But there just wasn’t a whole lot of snowboarders there, you know? And it was kind of, like, where a lot of the snowboard park and freestyle stuff was starting to become really strong. So, people who were getting into boarding were coming to Utah. They weren’t really from Utah, but then when I started riding at Brighton, when I was, you know, a preteen, teenager… I mean, there was one year where the whole mountain opened on the day before Halloween with like four feet of pow and like a full Park setup from top to bottom. I haven’t seen that since, you know? And it probably will never happen again. But there were not a lot of girls riding there. There was one girl I would see who was probably in high school when I was in junior high or middle school that I would see rippin’ the park. Back when the park was underneath the Payday Chair. And it turns out I think I know who it was, it was someone I found out I’m friends with now.

CL: You never wanted to maybe ride up to her and meet her?

MB: Oh my God, no, I was so young. I was like 12 years old. I was so intimidated. Like, I had my little crew and we’d go after school boarding but, no, there was no way I was just gonna go up to the only girl. I had plenty of people to ride with. So, it wasn’t like I was alone.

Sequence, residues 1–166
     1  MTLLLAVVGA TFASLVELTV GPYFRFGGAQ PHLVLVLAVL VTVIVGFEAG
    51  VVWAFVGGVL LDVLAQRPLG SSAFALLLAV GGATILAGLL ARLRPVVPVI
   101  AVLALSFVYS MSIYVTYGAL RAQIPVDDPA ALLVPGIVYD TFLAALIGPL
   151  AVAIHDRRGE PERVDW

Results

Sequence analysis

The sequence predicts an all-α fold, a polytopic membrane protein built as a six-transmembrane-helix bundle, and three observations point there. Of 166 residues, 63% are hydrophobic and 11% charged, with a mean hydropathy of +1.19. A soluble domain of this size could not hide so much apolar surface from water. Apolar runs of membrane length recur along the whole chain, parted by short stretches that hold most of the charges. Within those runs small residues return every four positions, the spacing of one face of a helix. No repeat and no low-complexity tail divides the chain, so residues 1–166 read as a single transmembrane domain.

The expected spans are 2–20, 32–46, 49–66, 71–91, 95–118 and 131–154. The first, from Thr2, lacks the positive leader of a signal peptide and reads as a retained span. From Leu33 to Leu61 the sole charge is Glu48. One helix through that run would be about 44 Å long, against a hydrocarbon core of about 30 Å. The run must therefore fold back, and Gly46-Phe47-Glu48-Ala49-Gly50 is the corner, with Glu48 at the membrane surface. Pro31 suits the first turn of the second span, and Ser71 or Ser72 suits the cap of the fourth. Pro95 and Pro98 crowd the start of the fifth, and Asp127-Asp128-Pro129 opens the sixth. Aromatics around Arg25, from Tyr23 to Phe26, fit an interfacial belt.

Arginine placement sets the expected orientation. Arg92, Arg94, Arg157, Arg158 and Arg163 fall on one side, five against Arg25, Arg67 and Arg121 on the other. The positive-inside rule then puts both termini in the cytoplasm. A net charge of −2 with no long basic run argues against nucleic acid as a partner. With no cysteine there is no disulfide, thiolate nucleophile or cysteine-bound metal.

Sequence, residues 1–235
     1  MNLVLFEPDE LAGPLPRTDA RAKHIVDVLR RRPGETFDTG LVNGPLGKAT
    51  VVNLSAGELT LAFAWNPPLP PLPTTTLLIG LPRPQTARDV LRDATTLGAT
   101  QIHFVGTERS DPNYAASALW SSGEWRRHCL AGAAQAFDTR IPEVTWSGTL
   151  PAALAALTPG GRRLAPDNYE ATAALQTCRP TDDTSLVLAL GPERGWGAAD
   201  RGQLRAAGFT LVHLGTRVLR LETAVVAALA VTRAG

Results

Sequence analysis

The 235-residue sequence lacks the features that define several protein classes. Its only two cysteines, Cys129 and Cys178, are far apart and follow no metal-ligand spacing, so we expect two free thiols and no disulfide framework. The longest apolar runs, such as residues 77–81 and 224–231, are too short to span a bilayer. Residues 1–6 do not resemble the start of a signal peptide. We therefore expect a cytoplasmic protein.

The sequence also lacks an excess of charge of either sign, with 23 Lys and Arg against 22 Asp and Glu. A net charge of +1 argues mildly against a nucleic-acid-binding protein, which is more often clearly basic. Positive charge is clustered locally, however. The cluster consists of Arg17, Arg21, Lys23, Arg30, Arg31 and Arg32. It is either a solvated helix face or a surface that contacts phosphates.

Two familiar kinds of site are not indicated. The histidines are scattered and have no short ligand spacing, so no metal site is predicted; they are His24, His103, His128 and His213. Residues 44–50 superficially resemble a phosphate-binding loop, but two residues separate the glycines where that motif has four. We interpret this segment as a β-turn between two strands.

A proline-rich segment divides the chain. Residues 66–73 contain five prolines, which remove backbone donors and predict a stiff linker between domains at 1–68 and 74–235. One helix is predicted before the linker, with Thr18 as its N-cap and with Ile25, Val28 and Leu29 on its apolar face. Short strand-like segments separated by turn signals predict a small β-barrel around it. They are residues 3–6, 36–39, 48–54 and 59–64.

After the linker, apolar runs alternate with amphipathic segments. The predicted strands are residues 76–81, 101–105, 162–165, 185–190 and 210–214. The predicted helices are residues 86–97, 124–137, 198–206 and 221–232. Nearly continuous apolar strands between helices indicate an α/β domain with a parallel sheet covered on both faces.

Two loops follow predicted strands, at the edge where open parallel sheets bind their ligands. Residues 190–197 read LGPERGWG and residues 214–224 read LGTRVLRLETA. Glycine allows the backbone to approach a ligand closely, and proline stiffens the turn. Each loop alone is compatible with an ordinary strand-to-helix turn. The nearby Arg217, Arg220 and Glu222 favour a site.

CL: You mentioned your crew, the crew that you grew up snowboarding with. I feel like if you grew up snowboarding, you usually had a crew that you rode with. How would you describe your crew that you were riding with back then?

MB: My crew was just like a couple kids from my high school. There were a couple kids from some high schools down in Salt Lake and in Ogden and, you know, I kind of met them at some local rail jams and stuff and we would ride together, but not many of them still snowboard. Not many of them pursued it, really. This was also [during] my middle school days. And then in, like, high school I started meeting some other people who I’m friends with now, but all the people in Park City that really pursued snowboarding into a career that are still riding these days are definitely younger than me. Like, I think it was a different kind of generational, where my crew… they’re all just kind of normal people now, I guess. They snowboarded, but none of them really stuck with it like I did. But there’s a bunch of people who I did grow up with, like, there’s Bodie [Merrill]. He’s a year older than me, he grew up in Park City. And we knew each other, but we weren’t really in the same crew.